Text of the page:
Giorgia Meloni is all about with Enrico Michetti: in Rome her leadership on the center-right is at stake

“Did I go well?” Tuesday, lunch time. Giorgia Meloni, leader of Fratelli d’Italia, has just finished reassuring journalists and photographers at a press conference that no, she does not “take on” the radio candidate-tribune Enrico Michetti, sitting next to her, to bring him to win the ballot in Rome against the former minister of Roberto Gualtieri, because Michetti is “an esteemed professional” who will do everything himself. And a moment later he, coach 30 per cent in the first round, the one who should but does not bite, is in charge of denying it: “Did I go well?”, He asks her. “Yes, you did well,” she condescends.

Well, but not very well: always the same, let’s say, which is the real condemnation of the mediocre. Constantly there: three meters above the slumber. In the riot of “procedural segments”, “administrative machines”, the “rush” of new metro stops, paradoxical promises to write down all the mayor’s measures by themselves (“enough with the excessive power of the heads of the cabinet!”, Is the slogan, very popular), an inconsistency that even Meloni fights like a patriot, starting to nod vigorously, as if to wake up, every time in her eyes the fixed and watery gaze of someone who is about to fall asleep is painted.

Here is the real struggle, the real assumption to support what should be the business card of the center-right with traction Brothers of Italy, the one capable of regaining the protest vote through the man called does not know how to recapture suburbs disappointed by Virginia Raggi’s Grillino populism, and in fact remained dramatically at home in the first round, increasing the number of abstentions which reached record percentages. The curse of Rome is all there, a central battle for the balance of the future of the center-right, the quintessence of the pincer that tightens around the possible leadership of Giorgia Meloni, the one that the moment indicates as the most eligible candidate in the role of boss, especially after the vote confirmed the collapse in the Lega’s polls. And if Matteo Salvini, one of the main “scoppole” recipients of this electoral round, was very ready precisely for this reason to set up an aria from “Papeete bis” first of all by goring the fiscal delegation approved in the Council of Ministers (without Lega), evidently attempted from passing too to the opposition as Brothers of Italy, now it is she who has to come out as the winner, however: she who thought that anyone would do well in order to win in Rome, according to what on the right they call “Caligula’s horse syndrome”. And that, apart from the shadow of the investigation started by the work of Fanpage which involves the MEP Carlo Fidanza, events that make little difference, for a world that has digested bunga bunga, Vikings, dental hygienists, batman, elegant dinners, nephews of Mubarak, he must first of all be careful about this: that his constituents stay awake.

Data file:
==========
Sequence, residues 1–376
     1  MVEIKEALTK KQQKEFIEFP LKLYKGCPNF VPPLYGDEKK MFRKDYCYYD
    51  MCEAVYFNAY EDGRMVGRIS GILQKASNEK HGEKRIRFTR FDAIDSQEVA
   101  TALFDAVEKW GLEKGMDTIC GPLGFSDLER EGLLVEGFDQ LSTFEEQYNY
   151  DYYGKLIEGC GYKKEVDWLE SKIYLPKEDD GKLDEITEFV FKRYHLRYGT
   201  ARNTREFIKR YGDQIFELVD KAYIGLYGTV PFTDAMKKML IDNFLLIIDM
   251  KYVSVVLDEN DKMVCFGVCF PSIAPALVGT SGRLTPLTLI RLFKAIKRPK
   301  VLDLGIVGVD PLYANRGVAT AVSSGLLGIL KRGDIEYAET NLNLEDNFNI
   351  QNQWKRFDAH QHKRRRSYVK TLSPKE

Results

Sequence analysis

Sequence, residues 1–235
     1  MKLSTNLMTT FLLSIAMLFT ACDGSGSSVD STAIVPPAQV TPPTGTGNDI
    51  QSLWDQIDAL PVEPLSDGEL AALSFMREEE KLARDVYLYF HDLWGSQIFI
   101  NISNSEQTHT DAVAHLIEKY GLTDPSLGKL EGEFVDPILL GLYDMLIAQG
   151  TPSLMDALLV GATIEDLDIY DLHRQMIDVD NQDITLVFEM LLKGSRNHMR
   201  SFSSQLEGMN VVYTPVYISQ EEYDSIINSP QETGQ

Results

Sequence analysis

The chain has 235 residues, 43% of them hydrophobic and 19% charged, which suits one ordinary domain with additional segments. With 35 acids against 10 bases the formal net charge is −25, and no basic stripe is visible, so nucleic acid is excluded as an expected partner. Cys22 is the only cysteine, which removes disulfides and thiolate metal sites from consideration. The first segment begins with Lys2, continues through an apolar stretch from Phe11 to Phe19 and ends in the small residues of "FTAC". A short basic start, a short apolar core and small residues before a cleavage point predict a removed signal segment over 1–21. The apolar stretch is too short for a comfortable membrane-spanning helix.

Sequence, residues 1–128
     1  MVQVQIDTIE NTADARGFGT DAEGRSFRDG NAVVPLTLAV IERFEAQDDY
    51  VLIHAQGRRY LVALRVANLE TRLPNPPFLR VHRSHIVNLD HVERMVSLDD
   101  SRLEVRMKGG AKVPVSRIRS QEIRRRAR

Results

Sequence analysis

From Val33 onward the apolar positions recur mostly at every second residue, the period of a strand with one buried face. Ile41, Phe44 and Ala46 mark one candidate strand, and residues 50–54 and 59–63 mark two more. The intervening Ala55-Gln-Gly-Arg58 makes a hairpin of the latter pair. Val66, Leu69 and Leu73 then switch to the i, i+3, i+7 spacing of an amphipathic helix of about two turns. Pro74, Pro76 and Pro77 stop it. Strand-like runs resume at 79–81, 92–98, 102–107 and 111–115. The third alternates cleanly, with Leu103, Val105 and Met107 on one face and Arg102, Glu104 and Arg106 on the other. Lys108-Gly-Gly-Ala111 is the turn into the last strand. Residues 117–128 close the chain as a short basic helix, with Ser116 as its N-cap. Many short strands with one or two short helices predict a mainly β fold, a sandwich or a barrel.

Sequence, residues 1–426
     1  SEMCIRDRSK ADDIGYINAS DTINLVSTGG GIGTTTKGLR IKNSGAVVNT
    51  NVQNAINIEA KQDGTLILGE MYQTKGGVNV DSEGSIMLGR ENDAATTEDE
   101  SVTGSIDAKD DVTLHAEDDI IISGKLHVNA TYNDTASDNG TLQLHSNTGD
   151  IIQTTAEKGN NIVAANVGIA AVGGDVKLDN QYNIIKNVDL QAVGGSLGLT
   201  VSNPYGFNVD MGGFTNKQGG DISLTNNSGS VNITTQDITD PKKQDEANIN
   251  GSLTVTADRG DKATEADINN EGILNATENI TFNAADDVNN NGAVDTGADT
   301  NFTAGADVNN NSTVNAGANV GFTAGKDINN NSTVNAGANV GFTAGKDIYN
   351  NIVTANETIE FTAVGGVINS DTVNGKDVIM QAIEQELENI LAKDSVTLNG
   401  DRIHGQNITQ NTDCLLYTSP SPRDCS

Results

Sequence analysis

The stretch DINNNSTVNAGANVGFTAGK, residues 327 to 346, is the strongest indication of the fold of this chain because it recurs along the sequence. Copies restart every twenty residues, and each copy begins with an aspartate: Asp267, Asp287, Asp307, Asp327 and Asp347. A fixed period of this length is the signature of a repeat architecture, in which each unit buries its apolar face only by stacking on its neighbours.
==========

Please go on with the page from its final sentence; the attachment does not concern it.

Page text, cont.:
Faraway, so close. The much-announced novelty actually arrived with last Sunday’s administrative meetings: within the paradox of a strong center-right in the polls and weak in the polls, Fratelli d’Italia is an exception. It grows. And the face of the coalition that was Berlusconi changes. In the first post-Covid-19 electoral test, in the big cities FDI outperforms the League everywhere: in Turin, where it goes from 1.6 to 10 percent; in Bologna, where it quintuples the percentages to 12; in Rome, where it is close to 18 percent (three times the League) and in practice it is second only to the coalition-list in support of Carlo Calenda (third for the Democratic Party). Even in Milan, Fdi stops just one point below the Carroccio: 9.9, against 10.7 percent. Exactly mirrored, the League sees its consensus collapse, compared to regional and European, sometimes even below the levels of 2016: in Milan, where today it is at 10.7, it was 11.8 percent five years ago (but 18 for one hundred in the regional ones, and 27 percent in the 2019 European ones). Same as Bologna: 10.3 in 2016, now 7.7, but in the Europeans it had reached 18.5. In the capital, where it is now just over 6 per cent, in the Europeans it was 25.8. Similar results in Turin, where it stops just below 10, but was almost 27 per cent in 2019. In short: it is as if the breath of wind that made Matteo Salvini climb a couple of years ago had moved to Fratelli d’Italia. Clear and risky trend.